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Core Data in print; Seven Languages

Now you can use the Core Data API’s on your iPhone/iPod Touch project as well as under Mac OS X. Core Data: Apple’s API for Persisting Data on Mac OS X will show you how. And read on for Bruce Tate’s selection of Seven Languages in Seven Weeks.

Core Data

Whether you are targeting Mac OS X or the iPhone/iPod Touch, at some point your Cocoa application is probably going to need to persist data. You could struggle with SQLite, generate XML, or create your own binary format. Or, you can save time and energy by taking advantage of Apple’s Core Data API instead.

Core Data makes it easy for you to work with object graphs and to persist data—but there are plenty of pitfalls and issues to watch out for. This book shows you everything from versioning to integrating with Quick Look, Sync Services, and Spotlight. You’ll see how to boost performance and work in multithreaded applications. You’ll work with Core Data on both the desktop and the iPhone.

By the end of Core Data, you’ll have built a full-featured application, gained a complete understanding of Core Data, and learned how to integrate your application into OS X.

As an extra bonus, you’ll see numerous recipes that are useful in unusual situations, or even in places where you wouldn’t have thought to use the Core Data API before. It will become another indispensable tool in your kit.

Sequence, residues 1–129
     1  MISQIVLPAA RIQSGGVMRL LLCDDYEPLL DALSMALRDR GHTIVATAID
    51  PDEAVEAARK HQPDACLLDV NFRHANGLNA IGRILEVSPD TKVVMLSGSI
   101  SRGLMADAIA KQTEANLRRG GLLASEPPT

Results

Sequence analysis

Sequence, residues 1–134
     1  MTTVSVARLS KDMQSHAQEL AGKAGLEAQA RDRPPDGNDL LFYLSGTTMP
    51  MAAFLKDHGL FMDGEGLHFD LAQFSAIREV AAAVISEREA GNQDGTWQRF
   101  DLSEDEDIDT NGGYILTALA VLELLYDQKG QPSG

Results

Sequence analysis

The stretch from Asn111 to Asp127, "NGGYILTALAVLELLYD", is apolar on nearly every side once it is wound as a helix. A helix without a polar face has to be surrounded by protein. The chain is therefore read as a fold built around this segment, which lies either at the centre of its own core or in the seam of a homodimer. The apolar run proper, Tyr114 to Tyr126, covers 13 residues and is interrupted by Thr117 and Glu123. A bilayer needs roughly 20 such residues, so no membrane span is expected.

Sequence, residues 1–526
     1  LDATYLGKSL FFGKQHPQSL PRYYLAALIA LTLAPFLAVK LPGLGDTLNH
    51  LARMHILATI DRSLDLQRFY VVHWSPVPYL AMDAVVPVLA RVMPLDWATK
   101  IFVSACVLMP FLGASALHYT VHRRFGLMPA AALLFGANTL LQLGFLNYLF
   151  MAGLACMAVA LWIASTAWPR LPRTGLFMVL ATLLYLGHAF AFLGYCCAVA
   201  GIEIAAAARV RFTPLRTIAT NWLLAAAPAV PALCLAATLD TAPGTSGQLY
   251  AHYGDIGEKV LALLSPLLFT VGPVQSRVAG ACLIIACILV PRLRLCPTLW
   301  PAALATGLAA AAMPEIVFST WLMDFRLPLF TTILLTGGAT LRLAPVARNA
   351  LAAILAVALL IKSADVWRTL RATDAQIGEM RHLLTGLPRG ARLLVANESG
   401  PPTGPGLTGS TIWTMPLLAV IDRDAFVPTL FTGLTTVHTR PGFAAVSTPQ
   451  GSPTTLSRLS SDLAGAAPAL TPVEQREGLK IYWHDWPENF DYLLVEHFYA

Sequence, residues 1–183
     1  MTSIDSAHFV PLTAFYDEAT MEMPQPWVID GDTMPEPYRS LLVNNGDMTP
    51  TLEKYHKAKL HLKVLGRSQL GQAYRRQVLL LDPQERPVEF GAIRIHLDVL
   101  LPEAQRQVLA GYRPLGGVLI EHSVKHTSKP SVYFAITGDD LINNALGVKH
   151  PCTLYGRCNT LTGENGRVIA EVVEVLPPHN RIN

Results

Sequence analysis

See the full table of contents or read an excerpt from Versioning and Migration

Now available from

Seven Languages

Author Bruce Tate reports on the selection of Seven Languages:

“I just wanted to take the opportunity to thank all of the readers who contributed to the Seven Languages in Seven Weeks poll.

It’s remarkable that so many of the languages that made my original list showed up here. Five of my original choices made the top 10. It’s also cool to see that Haskell showed up on the top of the list. I had a few of my own rules based on interviewing a bunch of potential readers. There could be only one pure OO language; there could be only one Lisp; I probably shouldn’t do both JavaScript and Ruby.

So based on everyone’s voting and my rules, here’s my final list of Seven Languages:

  • Haskell—Static Typing as if you meant it and functional programming at its purest
  • Erlang—Concurrency made easy
  • Clojure—It’s like Lisp, only better
  • Ruby—Simple and elegant, the way O-O was meant to be
  • Scala—All the buzz at JavaCon this year
  • Prolog—It’ll blow your mind (if you can understand it)
  • IO—The minimalist prototype language

All of the top 5 made it in; I struck Python as a second object oriented language. I struck Lisp as being too close to Clojure, and I included IO as a JavaScript alternative because both are prototype-based languages."

Thanks to all of you who helped Bruce choose the seven languages. We’re looking forward to more feedback once the book goes beta.


Coming Soon:

  • Debug It! in print
  • Domain-Driven Design Using Naked Objects
  • Grails: A Quick-Start Guide
  • The RSpec Book: Behaviour Driven Development with RSpec, Cucumber, and Friends

Recently Released:

Thanks for your continued support,

Andy & Dave